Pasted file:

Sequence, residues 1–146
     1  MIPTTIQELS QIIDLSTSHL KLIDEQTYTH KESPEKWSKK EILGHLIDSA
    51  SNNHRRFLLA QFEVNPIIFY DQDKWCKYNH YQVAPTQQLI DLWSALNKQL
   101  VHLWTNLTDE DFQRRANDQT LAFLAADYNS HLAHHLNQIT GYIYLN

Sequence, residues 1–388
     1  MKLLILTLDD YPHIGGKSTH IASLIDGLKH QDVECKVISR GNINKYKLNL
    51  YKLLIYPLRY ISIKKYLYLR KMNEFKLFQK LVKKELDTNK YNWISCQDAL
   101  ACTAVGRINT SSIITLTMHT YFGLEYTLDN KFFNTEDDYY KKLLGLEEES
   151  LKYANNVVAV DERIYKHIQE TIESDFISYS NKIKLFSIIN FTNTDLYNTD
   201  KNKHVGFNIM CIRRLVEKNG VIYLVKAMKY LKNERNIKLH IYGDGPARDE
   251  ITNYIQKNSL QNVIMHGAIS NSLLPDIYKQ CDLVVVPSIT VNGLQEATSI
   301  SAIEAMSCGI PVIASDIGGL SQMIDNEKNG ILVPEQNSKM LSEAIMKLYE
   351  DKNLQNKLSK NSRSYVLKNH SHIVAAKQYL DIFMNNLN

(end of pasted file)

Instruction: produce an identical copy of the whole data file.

Sequence, residues 1–146
     1  MIPTTIQELS QIIDLSTSHL KLIDEQTYTH KESPEKWSKK EILGHLIDSA
    51  SNNHRRFLLA QFEVNPIIFY DQDKWCKYNH YQVAPTQQLI DLWSALNKQL
   101  VHLWTNLTDE DFQRRANDQT LAFLAADYNS HLAHHLNQIT GYIYLN

Sequence, residues 1–388
     1  MKLLILTLDD YPHIGGKSTH IASLIDGLKH QDVECKVISR GNINKYKLNL
    51  YKLLIYPLRY ISIKKYLYLR KMNEFKLFQK LVKKELDTNK YNWISCQDAL
   101  ACTAVGRINT SSIITLTMHT YFGLEYTLDN KFFNTEDDYY KKLLGLEEES
   151  LKYANNVVAV DERIYKHIQE TIESDFISYS NKIKLFSIIN FTNTDLYNTD
   201  KNKHVGFNIM CIRRLVEKNG VIYLVKAMKY LKNERNIKLH IYGDGPARDE
   251  ITNYIQKNSL QNVIMHGAIS NSLLPDIYKQ CDLVVVPSIT VNGLQEATSI
   301  SAIEAMSCGI PVIASDIGGL SQMIDNEKNG ILVPEQNSKM LSEAIMKLYE
   351  DKNLQNKLSK NSRSYVLKNH SHIVAAKQYL DIFMNNLN